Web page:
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Sinking the Slipper, or Putting the Boot In

In Australian slang, “Sinking the slipper” has a number of meanings. It can mean to kick someone, as in a street fight or brawl, or to kick someone when they’re down.

On July 28, Peter Slipper was found guilty of dishonestly using taxi vouchers: ACT Chief Magistrate Lorraine Walker found the former MP dishonestly and knowingly misused the taxpayer-funded vouchers on three days in 2010. The case was adjourned, and Mr Slipper will appear for sentencing on September 22.

There is no doubt about his guilt. He misused $954 of taxpayer’s funds claiming expenses that were private, not parliamentary. It is possible that Slipper might face a goal term. Whatever his sentence he is a disgraced politician and rightly so.

But is he alone in his guilt? Is it fair that other politicians, including the prime minister, were allowed to repay expenses under the Minchin Protocol, which allows for the repayment of wrongly claimed entitlements, while others get off scott free? The protocol came about because of the abuse of the system, and it allowed members to repay money without further consequences when controversy arose.

Mr Slipper has on a number of occasions said that he tried to repay the money under the Minchin Protocol, but the avenue has been denied him:

“What is breathtaking is that I am before a court … despite a number of attempts on my part to resolve the matter administratively.”

Why is he in the courts, then? It can only be put down to LNP payback for his taking the Speaker’s job. But of course, with Royal Commissions into everything but the Labor Party itself, conservatives have shown a considerable propensity for retaliation generally, even to the point of releasing cabinet documents.

Does Slipper deserve a gaol sentence? Most certainly not. If he does, the law will have been shown to be an ass. He should have been given the same opportunity to repay the money that the others had. Already the commonwealth have spent $70,000 in pursuit of $954.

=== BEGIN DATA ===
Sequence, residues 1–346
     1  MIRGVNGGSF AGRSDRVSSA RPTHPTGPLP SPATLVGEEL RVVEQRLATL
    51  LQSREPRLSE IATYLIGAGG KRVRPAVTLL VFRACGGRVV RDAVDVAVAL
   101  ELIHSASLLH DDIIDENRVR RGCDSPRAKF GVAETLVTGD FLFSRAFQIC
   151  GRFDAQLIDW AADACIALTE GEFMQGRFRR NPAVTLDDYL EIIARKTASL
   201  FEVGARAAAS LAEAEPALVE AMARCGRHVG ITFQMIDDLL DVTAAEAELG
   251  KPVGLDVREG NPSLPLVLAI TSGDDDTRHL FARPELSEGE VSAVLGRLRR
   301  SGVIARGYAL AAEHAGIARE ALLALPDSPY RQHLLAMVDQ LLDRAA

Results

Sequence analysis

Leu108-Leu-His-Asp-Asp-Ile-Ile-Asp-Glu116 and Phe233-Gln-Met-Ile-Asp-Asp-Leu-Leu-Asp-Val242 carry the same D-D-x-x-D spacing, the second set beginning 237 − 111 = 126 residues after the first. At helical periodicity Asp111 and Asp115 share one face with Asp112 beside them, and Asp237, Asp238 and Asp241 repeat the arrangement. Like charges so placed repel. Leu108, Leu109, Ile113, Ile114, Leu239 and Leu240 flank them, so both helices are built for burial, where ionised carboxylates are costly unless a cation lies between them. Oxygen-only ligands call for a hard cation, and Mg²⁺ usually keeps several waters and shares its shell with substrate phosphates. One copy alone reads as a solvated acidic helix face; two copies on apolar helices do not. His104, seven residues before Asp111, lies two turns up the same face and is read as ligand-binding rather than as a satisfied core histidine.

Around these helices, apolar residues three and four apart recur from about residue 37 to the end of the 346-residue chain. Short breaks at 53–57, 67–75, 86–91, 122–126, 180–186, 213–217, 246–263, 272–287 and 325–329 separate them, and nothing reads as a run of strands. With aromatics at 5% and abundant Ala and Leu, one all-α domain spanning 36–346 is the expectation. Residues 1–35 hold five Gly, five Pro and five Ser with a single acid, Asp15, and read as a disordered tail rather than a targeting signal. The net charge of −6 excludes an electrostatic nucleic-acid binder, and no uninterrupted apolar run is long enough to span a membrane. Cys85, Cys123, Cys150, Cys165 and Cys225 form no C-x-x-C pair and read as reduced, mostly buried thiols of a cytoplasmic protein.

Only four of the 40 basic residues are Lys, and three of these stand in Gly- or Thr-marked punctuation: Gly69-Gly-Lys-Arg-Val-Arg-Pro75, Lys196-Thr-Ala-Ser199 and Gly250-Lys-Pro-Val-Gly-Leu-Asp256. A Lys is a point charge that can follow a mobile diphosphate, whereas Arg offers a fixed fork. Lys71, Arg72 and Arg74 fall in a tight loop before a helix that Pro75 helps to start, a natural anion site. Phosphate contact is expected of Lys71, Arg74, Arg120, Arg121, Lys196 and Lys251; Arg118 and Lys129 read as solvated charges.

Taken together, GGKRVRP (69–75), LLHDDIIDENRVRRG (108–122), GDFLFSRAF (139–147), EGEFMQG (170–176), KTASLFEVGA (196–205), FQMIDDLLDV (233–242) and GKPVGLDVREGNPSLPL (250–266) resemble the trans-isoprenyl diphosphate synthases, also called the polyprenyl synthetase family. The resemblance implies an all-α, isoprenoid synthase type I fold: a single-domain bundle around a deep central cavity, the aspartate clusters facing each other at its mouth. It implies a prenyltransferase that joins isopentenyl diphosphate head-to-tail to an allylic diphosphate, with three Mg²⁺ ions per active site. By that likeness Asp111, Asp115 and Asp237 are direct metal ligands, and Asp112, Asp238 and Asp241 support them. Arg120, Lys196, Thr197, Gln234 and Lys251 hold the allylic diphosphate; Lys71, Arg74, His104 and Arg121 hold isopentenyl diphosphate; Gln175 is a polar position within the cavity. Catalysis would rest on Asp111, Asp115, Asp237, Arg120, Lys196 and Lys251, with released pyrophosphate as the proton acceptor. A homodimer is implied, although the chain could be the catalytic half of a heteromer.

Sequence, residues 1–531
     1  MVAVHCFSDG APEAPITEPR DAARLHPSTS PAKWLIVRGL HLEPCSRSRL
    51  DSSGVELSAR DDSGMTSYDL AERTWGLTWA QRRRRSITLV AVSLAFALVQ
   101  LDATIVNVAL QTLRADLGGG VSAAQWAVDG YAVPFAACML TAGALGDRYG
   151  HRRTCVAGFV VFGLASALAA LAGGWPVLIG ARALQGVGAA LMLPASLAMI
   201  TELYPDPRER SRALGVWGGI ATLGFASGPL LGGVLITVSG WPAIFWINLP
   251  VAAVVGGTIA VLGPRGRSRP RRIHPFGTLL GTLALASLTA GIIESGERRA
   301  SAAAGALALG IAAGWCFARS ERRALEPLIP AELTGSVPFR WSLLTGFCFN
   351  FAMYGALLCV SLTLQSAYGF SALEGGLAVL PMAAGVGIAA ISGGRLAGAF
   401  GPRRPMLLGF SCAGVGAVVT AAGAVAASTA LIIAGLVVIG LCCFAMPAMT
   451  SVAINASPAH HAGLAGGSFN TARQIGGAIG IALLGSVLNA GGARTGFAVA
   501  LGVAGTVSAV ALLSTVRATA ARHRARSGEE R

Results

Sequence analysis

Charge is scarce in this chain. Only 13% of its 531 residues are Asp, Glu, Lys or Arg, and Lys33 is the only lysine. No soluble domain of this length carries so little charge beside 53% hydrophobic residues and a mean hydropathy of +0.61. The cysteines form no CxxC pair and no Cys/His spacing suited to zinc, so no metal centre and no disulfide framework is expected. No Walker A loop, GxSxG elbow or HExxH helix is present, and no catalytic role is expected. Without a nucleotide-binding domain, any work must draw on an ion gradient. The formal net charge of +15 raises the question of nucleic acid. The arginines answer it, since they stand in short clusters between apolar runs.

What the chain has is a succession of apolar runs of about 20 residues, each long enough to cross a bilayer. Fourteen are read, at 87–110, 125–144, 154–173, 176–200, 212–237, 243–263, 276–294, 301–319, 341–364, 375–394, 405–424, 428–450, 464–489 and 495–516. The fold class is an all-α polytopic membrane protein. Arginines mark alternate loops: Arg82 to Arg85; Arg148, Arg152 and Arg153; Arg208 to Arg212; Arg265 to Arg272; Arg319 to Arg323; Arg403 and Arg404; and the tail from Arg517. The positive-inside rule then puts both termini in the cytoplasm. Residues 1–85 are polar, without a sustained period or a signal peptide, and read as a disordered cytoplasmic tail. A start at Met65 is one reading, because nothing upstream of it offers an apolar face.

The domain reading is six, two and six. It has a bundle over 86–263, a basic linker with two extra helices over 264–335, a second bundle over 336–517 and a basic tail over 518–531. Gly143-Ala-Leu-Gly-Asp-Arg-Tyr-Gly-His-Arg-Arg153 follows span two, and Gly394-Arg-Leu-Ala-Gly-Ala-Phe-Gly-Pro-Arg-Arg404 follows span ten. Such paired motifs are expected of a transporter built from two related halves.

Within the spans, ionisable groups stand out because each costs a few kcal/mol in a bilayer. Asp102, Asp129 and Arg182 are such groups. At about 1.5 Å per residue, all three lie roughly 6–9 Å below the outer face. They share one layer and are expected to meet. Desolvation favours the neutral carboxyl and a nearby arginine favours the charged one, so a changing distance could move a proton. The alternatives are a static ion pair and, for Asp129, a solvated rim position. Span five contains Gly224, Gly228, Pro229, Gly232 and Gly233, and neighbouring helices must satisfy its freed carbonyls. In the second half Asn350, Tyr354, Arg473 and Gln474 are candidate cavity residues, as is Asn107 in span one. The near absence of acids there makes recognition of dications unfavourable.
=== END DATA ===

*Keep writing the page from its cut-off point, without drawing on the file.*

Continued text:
Attorney General George Brandis has never adequately explained why the Commonwealth pursued him over such a paltry amount and who it was who took the complaint to the AFP.

By way of comparison, let’s look at Tony Abbott’s top 25 claims:

Abbott’s age of entitlement: Tony’s Top Twenty-five:.

In 2009 Tony Abbott falsely claimed flight and comcar costs while promoting his book and had to repay $9397.42. Here are 25 other examples of Abbott’s work-related claims:

  1. In August 2009 Tony Abbott claimed $1720 in travel allowance + $1,883 for flights while “volunteering” as a truancy assistant in Aurukun
  2. In April 2010 Tony Abbott claimed $1539 travel allowance for all nights of his Pollie Pedal charity bike ride from Melbourne to Sydney + $480 flight to Melbourne
  3. In November 2010 Tony Abbott and family claimed $420 travel allowance, $1956 for flights + $354 in comcar costs to attend the Melbourne Cup
  4. In December 2010 Tony Abbott and family claimed $1910 for flights + $171 in comcar costs to attend day 1 of Boxing day Ashes test in Melbourne
  5. In April 2011 Tony Abbott claimed $2875 travel allowance for all nights of his Pollie Pedal charity bike ride from Gold Coast to Sydney + $556 flight to Brisbane
  6. In May 2011 Tony Abbott and family claimed $420 travel allowance, $1646 in flights + $599 in comcar costs to attend the AFL Dreamtime game in Melbourne
  7. In September 2011 Tony Abbott (+ passenger) claimed $744 travel allowance + $12133 for chartered flights from Sydney to St George and back to Brisbane to attend the Birdsville races
  8. In October 2011 Tony Abbott and family claimed $424 travel allowance, over $823 for flights + $550 in comcar costs to attend the AFL grand final in Melbourne
  9. In October 2011 Tony Abbott claimed $5623 for a chartered flight from Sydney to Bathurst return to attended the Bathurst 1000 V8 supercars
  10. In October 2011 Tony Abbott and family claimed $848 travel allowance, $3722 for flights + $763 in comcar costs to attend the Victoria Derby in Melbourne
  11. In October 2011 Tony Abbott claimed $351 travel allowance while “volunteering” as builder’s labourer in Hopevale
  12. In November 2011 Tony Abbott claimed $349 travel allowance + $941 for flights to compete in 70.3 Port Macquarie ironman event
  13. In January 2012 Tony Abbott claimed $424 travel allowance, $771 for flights + $515 in comcar costs to attend the men’s final of the Australian Tennis Open in Melbourne